Indus. MacHinery, Inc. v. Creative Displays

Annotate this Case

344 So. 2d 743 (1977)

INDUSTRIAL MACHINERY, INC., a corp., and Alabama Outdoor Advertising Co., Inc. v. CREATIVE DISPLAYS, INC.

SC 1822.

Supreme Court of Alabama.

February 4, 1977.

Rehearing Denied April 8, 1977.

*744 William M. Acker, Birmingham, for Alabama Outdoor Advertising Co.

William J. Sullivan, Jr., Birmingham, for Industrial Machinery, Inc.

W. Frank Greenleaf and James A. Harris, Jr., of Sirote, Permutt, Friend, Friedman, Held & Apolinsky, Birmingham, for appellee.

*745 FAULKNER, Justice.

This is a contest between two lesseeseach claiming the other's lease to be void. The trial court declared the first lease void, and the second valid. We affirm.

On December 5, 1972, Alabama Outdoor Advertising Co., Inc. leased part of a lot from All State Linen Service Co. to erect a commercial advertising sign. The term of the lease was for ". . . Indefinite years, beginning . . . 1 day of January, 1973, and ending . . . year to year thereafter." The consideration was $1.00 plus Alabama Outdoor's painting an on-premises sign to advertise All State's business. The sign was painted, but no billboard was ever erected by Alabama Outdoor. The lease was not recorded. On March 24, 1975, the lot was purchased by Industrial Machinery, Inc., and in April, for $600 a year, payable in equal monthly installments, it leased part of the lot to Creative Displays, Inc. The term of the lease was to begin on the date a billboard was erected, and to run for a period of 5 years thereafter. The lease contained a condition that "Creative Displays will not be bound by this contract unless authority can be obtained to build 5 similar structures (unipoles) in the city of Birmingham on the Interstate." Creative applied to the State Highway Department in July for a building permit, but the Department refused to grant it. In August, Creative began paying the monthly rental payments. Upon its learning of the All State lease to Alabama Outdoor, Industrial Machinery filed a declaratory action to have the lease to Creative declared void, and the Alabama Outdoor lease declared valid. The court found the lease to Alabama Outdoor void, and the lease to Creative valid and binding on Industrial Machinery.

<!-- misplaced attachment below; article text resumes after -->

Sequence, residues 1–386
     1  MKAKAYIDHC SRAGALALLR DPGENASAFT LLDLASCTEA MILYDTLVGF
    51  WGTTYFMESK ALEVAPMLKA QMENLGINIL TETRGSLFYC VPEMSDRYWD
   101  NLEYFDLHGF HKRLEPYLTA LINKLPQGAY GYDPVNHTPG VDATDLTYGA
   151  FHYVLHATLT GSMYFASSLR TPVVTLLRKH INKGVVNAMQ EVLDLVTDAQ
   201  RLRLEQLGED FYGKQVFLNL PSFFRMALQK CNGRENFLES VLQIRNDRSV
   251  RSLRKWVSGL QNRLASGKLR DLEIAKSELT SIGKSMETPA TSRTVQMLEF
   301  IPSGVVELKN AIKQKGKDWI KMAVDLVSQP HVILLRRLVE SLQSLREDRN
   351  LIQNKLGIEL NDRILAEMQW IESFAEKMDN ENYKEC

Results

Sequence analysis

1. All StateAlabama Outdoor Advertising Lease